Dr. Oz: Foods to Remove to Fix Leaky Gut
Dr. Oz has been talking to Cathy, a woman suffering from irritable bowel syndrome. He introduced her to Dr. Mark Hyman, who has a plan to fix a leaky gut. It’s a three-prong approach to remove, replace, and repair.
The first step is removal. This plan is a two-week plan. For the first week, get rid of foods that are hard to digest, irritating, or sources of common food allergens. In the second week, you add them back in and see which ones are bothering you.
The foods to get rid of are dairy, grains (like corn), gluten, peanuts, eggs, beans, and soy. Dr. Oz called this a new approach, but this is actually a fairly common suggestion for treating a leaky gut.
Dr. Oz: Reintroducing Foods to Repair Leaky Gut
In the second week, you’ll need to reintroduce these foods. Add dairy back on the first day to see how you react. If you start to feel bad, keep it out. On the second day, add gluten back, then grains on the third day, soy on the fourth, beans on the fifth, eggs on the sixth, and finally peanuts on the last day. Once again, if a new food makes you feel bad, keep it out for the long term. This will help you fix your gut.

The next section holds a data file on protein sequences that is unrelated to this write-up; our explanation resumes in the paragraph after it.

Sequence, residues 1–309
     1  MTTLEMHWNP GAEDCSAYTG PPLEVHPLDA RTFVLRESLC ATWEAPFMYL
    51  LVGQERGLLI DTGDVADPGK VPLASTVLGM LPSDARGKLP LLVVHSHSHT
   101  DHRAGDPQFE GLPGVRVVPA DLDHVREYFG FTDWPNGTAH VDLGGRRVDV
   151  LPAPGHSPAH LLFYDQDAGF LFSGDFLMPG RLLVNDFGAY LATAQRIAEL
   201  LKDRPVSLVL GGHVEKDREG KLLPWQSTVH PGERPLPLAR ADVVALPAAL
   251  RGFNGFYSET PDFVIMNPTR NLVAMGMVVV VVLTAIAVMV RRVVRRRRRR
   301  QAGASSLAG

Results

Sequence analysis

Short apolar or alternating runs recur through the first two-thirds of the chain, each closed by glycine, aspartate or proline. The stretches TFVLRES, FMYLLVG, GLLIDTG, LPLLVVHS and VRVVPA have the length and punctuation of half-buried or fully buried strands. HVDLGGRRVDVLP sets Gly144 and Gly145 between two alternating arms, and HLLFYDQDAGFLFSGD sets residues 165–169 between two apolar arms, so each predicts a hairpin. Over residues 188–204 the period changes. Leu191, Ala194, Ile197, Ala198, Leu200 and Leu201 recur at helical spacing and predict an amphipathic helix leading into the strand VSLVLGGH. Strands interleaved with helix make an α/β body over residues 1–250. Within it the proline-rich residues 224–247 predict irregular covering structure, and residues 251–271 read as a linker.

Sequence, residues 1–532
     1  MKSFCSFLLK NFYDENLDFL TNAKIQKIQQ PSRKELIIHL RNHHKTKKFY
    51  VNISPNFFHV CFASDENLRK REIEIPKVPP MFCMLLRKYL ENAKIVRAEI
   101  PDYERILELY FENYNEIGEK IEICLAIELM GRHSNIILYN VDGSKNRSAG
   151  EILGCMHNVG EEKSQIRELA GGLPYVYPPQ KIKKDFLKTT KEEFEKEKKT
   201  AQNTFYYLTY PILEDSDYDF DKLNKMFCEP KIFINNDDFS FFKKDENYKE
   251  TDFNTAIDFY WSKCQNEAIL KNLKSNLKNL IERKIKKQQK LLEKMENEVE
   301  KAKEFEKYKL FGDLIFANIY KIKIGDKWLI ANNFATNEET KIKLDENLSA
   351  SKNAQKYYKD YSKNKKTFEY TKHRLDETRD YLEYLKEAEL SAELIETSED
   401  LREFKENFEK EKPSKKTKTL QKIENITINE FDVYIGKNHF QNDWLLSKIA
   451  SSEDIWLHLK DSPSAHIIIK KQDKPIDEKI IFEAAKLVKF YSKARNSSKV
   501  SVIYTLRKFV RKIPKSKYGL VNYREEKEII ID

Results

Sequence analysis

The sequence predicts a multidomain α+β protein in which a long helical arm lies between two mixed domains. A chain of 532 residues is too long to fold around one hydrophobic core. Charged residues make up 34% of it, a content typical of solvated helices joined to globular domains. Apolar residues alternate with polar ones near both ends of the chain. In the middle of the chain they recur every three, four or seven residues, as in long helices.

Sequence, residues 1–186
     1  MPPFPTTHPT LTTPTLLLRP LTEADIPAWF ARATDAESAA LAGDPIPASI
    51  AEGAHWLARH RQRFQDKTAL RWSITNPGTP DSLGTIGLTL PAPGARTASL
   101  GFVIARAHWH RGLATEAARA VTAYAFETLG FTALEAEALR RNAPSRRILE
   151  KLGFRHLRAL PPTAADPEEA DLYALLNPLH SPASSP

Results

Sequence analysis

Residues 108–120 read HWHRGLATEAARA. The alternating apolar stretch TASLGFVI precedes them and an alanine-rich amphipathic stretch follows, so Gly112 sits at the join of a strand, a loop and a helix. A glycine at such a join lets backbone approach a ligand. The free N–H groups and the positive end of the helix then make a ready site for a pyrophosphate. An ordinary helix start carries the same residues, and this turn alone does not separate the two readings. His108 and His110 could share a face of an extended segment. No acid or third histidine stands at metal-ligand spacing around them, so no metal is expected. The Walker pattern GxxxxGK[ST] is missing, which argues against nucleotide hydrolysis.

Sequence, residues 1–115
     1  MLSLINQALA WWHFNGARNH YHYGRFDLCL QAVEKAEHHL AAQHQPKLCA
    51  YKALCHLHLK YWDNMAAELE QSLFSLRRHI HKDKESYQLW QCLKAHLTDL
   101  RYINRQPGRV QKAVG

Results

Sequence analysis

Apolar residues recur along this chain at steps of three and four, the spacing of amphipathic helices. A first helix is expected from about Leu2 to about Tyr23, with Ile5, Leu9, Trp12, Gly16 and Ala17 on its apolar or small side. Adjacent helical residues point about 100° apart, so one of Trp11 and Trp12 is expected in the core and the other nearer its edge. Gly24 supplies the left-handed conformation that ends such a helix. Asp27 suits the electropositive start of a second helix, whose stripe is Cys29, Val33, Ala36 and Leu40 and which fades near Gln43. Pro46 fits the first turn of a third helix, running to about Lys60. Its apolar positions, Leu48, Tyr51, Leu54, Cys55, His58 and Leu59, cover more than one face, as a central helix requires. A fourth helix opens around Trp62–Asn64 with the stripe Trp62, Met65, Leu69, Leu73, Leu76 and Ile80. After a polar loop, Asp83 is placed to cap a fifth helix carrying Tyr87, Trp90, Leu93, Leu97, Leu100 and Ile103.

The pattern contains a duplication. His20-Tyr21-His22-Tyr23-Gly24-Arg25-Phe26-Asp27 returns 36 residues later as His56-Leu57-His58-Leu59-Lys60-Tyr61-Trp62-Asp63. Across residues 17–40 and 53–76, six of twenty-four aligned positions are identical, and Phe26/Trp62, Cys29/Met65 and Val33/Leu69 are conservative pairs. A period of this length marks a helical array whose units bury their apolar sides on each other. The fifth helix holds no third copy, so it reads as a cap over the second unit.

Dr. Oz: Probtioics & Prebiotics
So what do we replace these foods with? One important thing is probiotics, which can be found in miso. Make sure to get the gluten-free miso. Sauerkraut and kimchi are also good sources.
Prebiotics are also important to be eaten along with the probtioics. Prebiotics are found in dandelion greens, as well as other fibrous foods. These function as fertilizer for the good bacteria and can really help the good bacteria grow.
Dr. Oz: Repair Your Leaky Gut
The final step is repairing. The lining of the gut is hurt by drugs and a bad diet, so it’s important to repair it. First, it’s important to get your Omega 3s. You can get these in sardines or a supplement. Glutamine is also great, found in meat and animal products, as well as cabbage.
Tumeric is an anti-inflammatory and a wonderful spice to add. Coconut oil is great for cooking and for salad, which is an antifungal to get the bad bugs and it has great fats to keep the good bacteria healthy. Pumpkin seeds are full of zinc, great for the immune system and particularly important for Cathy, who had low zinc levels.